CME Medical Writing
Last Updated: 25 May 2020
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So You Want to Become a Medical Writer?
Healthcare professionals’ interest in nonclinical careers and part-time roles, especially in medical writing, continues to grow.
It’s no wonder. Burnout is on the rise in healthcare, clinical innovations feel centuries away for certain conditions, and medical malpractice is a constant threat. And don’t even start with the paperwork.
However, a sizable proportion of clinicians will have no interest in or knowledge of medical writing as a viable nonclinical career option.
And you know what? That’s OK. It’s better to be drawn toward something outside of clinical practice than to be pushed out.
To become a successful medical writer, you’ll first have to know exactly why you want to be one in the first place.
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Why Are You Interested in Medical Writing?
We frequently hear from clinicians who tell us they are interested in medical writing. We have an obvious sample bias here because those who are not interested tend to ignore us.
As we mentioned, there are many reasons healthcare professionals – physicians, PAs, pharmacists, NPs, and others – would be interested in this field.
Here are a select few.
Some Reasons Clinicians Start Medical Writing:
However, many healthcare professionals interested in medical writing have only dabbled in writing, let alone medical writing. More surprisingly, some have never even tried any type of writing outside the EMR!
If you can relate, don’t beat yourself up. You probably never tried being a clinician before applying to your postgraduate training program, either. But look at you now! Patient care is way harder than writing, so who’s to say you can’t do both?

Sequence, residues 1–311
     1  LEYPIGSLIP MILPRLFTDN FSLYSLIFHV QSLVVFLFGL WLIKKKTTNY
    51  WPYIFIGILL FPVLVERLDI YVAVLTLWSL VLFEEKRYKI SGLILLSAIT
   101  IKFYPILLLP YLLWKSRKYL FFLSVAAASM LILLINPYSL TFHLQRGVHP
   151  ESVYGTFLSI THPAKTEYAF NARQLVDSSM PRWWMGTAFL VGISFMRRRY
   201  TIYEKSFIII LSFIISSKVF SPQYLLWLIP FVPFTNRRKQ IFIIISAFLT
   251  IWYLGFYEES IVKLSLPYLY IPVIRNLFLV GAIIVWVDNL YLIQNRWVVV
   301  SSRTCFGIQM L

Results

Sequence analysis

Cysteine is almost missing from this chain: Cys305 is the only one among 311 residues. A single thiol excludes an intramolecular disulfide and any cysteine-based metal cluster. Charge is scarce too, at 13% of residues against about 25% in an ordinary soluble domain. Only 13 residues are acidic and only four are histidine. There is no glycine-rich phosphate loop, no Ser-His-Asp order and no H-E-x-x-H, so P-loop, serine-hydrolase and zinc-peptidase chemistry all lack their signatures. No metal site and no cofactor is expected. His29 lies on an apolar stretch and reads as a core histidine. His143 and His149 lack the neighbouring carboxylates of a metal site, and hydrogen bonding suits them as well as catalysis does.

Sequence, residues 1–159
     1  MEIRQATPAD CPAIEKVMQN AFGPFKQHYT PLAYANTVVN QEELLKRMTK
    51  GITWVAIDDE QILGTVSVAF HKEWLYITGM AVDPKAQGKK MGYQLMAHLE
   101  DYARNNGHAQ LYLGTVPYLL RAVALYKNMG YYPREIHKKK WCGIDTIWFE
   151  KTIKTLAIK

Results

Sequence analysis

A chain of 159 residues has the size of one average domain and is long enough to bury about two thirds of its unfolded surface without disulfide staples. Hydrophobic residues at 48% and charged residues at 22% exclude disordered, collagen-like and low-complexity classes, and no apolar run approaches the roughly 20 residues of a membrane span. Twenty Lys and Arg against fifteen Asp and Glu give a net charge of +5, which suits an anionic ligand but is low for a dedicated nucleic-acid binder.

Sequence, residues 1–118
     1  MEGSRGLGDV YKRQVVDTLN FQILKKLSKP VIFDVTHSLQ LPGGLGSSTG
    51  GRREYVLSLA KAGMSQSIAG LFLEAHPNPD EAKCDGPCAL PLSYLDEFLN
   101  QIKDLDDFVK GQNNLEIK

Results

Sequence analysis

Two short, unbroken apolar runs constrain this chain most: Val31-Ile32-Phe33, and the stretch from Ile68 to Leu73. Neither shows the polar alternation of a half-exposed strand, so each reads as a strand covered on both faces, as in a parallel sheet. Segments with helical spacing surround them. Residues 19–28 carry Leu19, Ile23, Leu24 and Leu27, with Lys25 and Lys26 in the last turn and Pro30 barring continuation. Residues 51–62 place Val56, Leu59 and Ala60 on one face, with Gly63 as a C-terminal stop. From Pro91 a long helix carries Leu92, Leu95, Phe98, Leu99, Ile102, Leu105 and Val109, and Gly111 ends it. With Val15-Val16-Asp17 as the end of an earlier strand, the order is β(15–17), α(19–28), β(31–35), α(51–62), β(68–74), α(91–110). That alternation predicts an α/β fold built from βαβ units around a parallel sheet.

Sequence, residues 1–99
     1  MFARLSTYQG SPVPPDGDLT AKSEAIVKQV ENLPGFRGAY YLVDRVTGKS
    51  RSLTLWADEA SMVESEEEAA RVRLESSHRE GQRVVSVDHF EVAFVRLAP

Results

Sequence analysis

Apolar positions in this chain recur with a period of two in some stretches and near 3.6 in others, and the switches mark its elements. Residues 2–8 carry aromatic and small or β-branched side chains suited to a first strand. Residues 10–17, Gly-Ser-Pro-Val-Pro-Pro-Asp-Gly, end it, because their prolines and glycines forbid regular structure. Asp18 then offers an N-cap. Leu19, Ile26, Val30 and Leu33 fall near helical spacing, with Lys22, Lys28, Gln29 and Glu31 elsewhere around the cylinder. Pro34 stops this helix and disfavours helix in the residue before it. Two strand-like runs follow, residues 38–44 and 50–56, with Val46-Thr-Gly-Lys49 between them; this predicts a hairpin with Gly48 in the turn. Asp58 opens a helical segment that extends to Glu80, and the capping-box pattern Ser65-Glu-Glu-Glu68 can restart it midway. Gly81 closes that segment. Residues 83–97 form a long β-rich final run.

And again, there is nothing wrong with not wanting to write. As healthcare professionals, we need to allow ourselves – and each other – a break here and there. That doesn’t mean a different type of work is any less important than another.
So if you want to be a medical writer, but haven’t started yet, you may have some reasons for hesitating. The truth is, most people delay, or avoid it for a few common reasons.
Some Reasons Clinicians Do NOT Start Medical Writing:
These are totally legitimate concerns. The inclination towards medical writing probably feels somewhat natural for clinicians seeking a nonclinical role. However, the skills to be a successful medical writer are certainly not.
Medical writing is as diverse a field as medicine itself, and it can take years to learn the medical writing skills you need.
That’s why we put together a list of resources for clinicians and others interested in medical writing.
It’s a growing list of books, courses, and articles that help answer your questions about medical writing.
Whether you are not sure if it’s right for you or you want to jump right in, we have put together some of the most useful resources around for you.
You can also register as a candidate to be notified of new medical writing jobs as they are posted.
You can also pitch us an idea for a guest post for publication here on Modern MedEd. Here’s a hint: your email to the editor is your first writing audition. That’s true everywhere, not just here.